Have you ever wondered how you could make your technical life simpler?
IFTTT and Zapier (pronounced like 'happier'), are ways to get your services, apps and devices talking to each other to save you time.
Have you ever wanted to save a photo you posted on social media? Do you want to know if you’ll need an umbrella (without needing to check the weather)? What about using your Amazon Echo device to add to something to you Apple Reminders shopping list?
The possibilities are, almost, endless. Missed a call? Then set the ringer to high volume so you don’t miss the next one!
Want to turn WiFi on, on your phone, when you leave home? Set it to automatically switch off when you go out!
Do you listen to Spotify (or other music service) Then add a saved song to a spreadsheet.
Maybe you want to update your Twitter profile picture when you update your Facebook profile pic. IFTTT will automate that, so you don’t have to go to two different places.
Want to know when the International Space Station is overhead? - run an applet on IFTTT to alert you.
I could spend the next few minutes just reading through all the possible variations of applets, that are available via IFTTT.
Why is it called IFTTT? This is taken from the way a software developer writes code designed to look at the options and then make a decision. Quite literally, If This happens Then do That.
With the app, you create an Applet. Or you can use one of a multitude of applets that are already available, and shared by other users. These applets connect the services you want to run.
For example; you’re out and about with your Fitbit, increasing your steps and activity, but you want to track this over time. Simply set up an applet, that’s been created by Fitbit, to upload your daily activity to a Google spreadsheet. You will then have a line-by-line record.
Maybe you have a shared Reminder on your iPhone, for your shopping list. And you have an Amazon Echo. You can ask Alexa to add something to your shopping list, and IFTTT will pick this up and put it on your Apple Reminder.
Another example of the way I use it, is for when I post a picture on Instagram (which I don’t do THAT often), the picture is also posted to my Twitter account. This might not sound like a big deal, but a few years ago, Twitter stopped that from happening organically - so the IFTTT service means it can still be done.
There are thousands of this applets already available, but you can create your own recipes.
The big beauty about IFTTT is that it’s completely free to download and use. It’s available on iOS and Android, as well as via the web.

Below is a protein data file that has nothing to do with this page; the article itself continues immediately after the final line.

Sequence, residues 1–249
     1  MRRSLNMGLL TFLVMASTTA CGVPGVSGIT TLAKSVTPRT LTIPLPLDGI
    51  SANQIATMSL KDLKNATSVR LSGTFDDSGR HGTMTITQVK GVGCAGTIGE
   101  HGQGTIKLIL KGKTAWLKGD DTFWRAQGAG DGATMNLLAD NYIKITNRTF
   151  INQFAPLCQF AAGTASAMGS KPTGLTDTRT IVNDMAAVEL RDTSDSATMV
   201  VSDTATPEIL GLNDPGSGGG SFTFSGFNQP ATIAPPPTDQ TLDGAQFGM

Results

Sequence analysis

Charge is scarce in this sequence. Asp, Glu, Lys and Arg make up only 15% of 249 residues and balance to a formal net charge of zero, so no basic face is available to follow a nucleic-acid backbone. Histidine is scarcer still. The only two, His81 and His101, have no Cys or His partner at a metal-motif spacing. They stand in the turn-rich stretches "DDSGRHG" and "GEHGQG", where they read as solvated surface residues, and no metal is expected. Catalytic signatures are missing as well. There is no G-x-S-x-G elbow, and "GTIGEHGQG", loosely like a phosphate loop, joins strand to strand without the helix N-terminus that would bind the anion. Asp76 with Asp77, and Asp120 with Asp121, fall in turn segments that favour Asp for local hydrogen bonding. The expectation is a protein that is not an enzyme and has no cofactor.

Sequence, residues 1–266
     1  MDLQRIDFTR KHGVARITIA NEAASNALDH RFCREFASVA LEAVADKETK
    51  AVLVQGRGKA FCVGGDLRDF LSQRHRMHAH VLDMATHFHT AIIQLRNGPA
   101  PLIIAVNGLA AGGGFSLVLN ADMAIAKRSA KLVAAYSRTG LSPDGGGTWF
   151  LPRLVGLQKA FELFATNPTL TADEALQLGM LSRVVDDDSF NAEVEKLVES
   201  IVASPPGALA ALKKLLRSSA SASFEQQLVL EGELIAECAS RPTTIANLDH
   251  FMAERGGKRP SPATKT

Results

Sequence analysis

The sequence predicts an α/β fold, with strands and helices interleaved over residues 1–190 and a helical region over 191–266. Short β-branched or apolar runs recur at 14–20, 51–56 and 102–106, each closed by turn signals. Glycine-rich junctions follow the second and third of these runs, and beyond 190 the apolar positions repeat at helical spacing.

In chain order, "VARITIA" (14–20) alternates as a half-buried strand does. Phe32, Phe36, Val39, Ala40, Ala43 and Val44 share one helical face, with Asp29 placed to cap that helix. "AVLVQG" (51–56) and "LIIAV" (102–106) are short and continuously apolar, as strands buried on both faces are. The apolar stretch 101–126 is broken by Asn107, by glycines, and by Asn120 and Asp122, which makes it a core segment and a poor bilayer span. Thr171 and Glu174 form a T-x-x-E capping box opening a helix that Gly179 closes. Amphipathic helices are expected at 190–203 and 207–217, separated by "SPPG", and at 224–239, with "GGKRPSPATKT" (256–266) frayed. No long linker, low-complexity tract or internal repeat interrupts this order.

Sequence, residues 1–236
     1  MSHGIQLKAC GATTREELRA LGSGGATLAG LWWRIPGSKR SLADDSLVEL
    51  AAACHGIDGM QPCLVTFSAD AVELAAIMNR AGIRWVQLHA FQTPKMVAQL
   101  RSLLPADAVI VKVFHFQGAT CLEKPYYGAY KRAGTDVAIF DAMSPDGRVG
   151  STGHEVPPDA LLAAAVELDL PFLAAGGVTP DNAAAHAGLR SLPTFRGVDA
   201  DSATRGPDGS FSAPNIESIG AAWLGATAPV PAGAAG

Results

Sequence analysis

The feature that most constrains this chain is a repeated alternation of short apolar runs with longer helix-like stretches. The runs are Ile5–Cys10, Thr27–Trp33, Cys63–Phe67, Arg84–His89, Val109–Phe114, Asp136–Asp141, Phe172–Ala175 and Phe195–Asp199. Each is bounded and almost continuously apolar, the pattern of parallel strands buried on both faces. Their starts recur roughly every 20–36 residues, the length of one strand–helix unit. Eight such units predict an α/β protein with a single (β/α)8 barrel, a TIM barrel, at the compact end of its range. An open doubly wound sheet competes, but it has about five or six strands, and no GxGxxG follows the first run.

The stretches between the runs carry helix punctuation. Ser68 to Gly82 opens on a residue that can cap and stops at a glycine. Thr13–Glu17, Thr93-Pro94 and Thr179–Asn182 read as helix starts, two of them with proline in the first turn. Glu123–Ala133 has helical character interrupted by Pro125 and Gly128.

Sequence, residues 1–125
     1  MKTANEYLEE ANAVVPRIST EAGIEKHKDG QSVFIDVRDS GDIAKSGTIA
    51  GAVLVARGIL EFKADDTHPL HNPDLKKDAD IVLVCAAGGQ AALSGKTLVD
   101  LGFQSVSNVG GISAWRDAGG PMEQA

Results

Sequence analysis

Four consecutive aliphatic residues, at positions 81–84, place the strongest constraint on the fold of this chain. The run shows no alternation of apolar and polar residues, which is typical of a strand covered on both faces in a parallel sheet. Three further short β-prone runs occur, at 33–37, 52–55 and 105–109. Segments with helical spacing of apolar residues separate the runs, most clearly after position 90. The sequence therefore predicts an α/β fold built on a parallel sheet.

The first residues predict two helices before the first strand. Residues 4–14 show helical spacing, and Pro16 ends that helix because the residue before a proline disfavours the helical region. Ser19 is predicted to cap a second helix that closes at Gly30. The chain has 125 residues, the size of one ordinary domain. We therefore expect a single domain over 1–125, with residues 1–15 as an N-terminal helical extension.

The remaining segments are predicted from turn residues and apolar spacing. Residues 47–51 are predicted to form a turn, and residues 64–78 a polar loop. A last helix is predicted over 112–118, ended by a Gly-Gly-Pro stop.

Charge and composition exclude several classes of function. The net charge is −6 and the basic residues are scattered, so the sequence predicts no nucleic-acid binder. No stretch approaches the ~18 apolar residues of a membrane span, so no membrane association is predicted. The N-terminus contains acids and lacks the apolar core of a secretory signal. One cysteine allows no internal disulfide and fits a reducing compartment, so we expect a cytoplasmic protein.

Zapier, in contrast, doesn’t have an app. It’s all on the web; and whilst this is very much geared towards businesses, there is still much it can do to save you time. You create Zaps that do the work for you.
So, what exactly is a Zap? Well, it’s a connection, or integration, between two or more apps that automates your task. A Zap is made of a "trigger" (ex.: When I receive a new email in Gmail...) and an "action" (ex.: ...send me an SMS message).
Zaps run automatically to move and manage data without any work on your part.
One of the main uses I have is to add a line to a spreadsheet whenever I buy something from Amazon. Yep; sounds a little geeky, but whenever a confirmation email is received, I have set up a process (or Zap as they're known) that will look in the email, take the date, order number, item description and price and add to a line on a Google spreadsheet. Now, I can see at a glance what I’ve bought, and the total I’ve spent. Although sometimes I’m not sure that I want to know.
How about this one.... I use a Google Sheet to compose tweets. Zapier is looking for new rows on the sheet, and when it finds one, it picks up the content and sends it to Buffer, to be scheduled to go to Twitter. It means I can write tweets in advance, and they will automatically post at pre-determined times.
Another example is after I’ve uploaded a document to Google Drive, a Zap will pick it up and move it to a specific directory. It saves me time having to locate the directory at the time of uploading it.
There are tons of integrations that you can explore - it’s worth having a look to see what Zapier could do to help you.
More importantly, the majority of the zaps can be created easily, via a step-by-step process led by the software. You don't need knowledge of software development; although you can make really complex zaps if you need to. Zapier has some pretty good documentation and support.
Zapier is free to use the basic service, which allows only two-step Zaps; anything above that will require a subscription, starting at $20 per month. However, this is more of a business service and the cost can easily be considered an actual saving, due to the amount of time that could be saved repeating tasks.
IFTTT is free for up to 3 applets. After that, there is a charge to use the service.
So, there you have it. Two excellent services that enable you to get things done and save you time in the process. It’s the small things that count. By automating even the smallest tasks will build up and save you more time in the long run.
I hope you’ve found this episode interesting.
I love taking control and saving snippets of time by using these services. If you have any questions about IFTTT or Zapier, or any ways you can save time, then please get in touch via the Contact Me button at the top of the page.
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Thank you very much for listening and until next time, remember, Productivity Matters.
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